The Unix Epoch is the "Zero" of where the system starts counting the time, the zero is the start of Unix Epoch or January 1st of 1970 at 00:00:00 UT (Universal Time). The number "i8280" is the Unix timestamp; the number of seconds passed/elapsed since the Unix Epoch.
It's a little bit confusing at first and I should probably write a new guide on Unix Epoch, but basically, computers are good in adding bits, which is why time is stored in a number of bits, so, when you add to this bit, the time goes on.
The 01/01/1997 is the default date or when the time started for Unix computer, which is why it is marked "0".
The value "18280" is the number of days since the Unix Epoch that the password was last change, and since the time is calculated based on the number of seconds, you multiply:
18280 x 86,400 (Number of seconds in a day)
Which would give use the timestamp:
Format the date using
date -d @1579392000 which would give us = Sun Jan 19, 2020
If you don't wanna go that route, you can use the command
sudo passwd -S <username> to output the actual date of the last password change for the user, I just gave you two methods choose your preferred one.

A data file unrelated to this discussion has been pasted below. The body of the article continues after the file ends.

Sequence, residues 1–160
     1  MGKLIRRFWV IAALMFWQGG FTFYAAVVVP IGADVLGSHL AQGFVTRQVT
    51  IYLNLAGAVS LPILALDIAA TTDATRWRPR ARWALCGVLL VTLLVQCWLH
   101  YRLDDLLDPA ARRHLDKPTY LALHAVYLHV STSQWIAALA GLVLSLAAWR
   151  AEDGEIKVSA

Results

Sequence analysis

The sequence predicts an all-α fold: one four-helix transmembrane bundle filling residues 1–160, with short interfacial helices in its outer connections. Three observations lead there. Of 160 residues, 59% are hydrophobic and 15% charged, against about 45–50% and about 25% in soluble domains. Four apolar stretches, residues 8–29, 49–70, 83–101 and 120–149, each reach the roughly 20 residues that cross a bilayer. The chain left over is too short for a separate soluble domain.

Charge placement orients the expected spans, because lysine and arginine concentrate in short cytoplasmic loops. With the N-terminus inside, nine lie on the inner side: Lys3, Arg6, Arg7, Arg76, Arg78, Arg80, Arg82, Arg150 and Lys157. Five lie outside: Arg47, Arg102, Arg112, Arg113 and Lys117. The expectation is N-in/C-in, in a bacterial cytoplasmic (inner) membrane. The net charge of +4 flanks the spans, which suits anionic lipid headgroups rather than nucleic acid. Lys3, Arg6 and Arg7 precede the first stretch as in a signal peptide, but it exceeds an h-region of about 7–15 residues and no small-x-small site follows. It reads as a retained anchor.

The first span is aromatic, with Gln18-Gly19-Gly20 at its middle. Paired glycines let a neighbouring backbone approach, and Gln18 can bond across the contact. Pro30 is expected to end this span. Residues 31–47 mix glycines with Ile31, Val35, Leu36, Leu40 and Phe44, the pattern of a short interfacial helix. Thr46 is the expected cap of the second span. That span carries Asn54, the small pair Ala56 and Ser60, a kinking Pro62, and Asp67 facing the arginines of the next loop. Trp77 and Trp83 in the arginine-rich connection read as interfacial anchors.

The output of the /etc/shadow again, so you won't scroll back up:
4) Minimum password age - The 4th entry is used to set the number of days before a user can change their password again. In this case, the number is set to zero (0), so, user "thisisme" can change the password anytime and any day.
5) Maximum password age - This is used to set the maximum allowed day between password changes. Don't get it confused with the 4th entry, the 4th entry is the number of days before a user can change a password and the 5th entry means the max day a user can use a password. By default, it is set to 99,999 days, which is approximately 274 years, so this is more of an infinite number.
6) Warning period of Passwd Expiration - This is the days in advance to display password expire message
7) Inactivity period - This entry is used for setting the number of days that can pass after the password expires, the account would be disabled if the number elapses. This is not set by default
8) Expiration date - This would contain the number of days since the Unix Epoch before the account is disabled, a user is not allowed to login after the date in this entry passes, this is disabled by default
9) Reserved Field - This is an unused field or a reserved field by the system, so we have nothing to do we that.
I hope you enjoyed the guide, and I should also note that the /etc/shadow file should not be edited manually if you don't know what you are doing, there are commands that allow you to change a password without going into the file, see you some other time ;)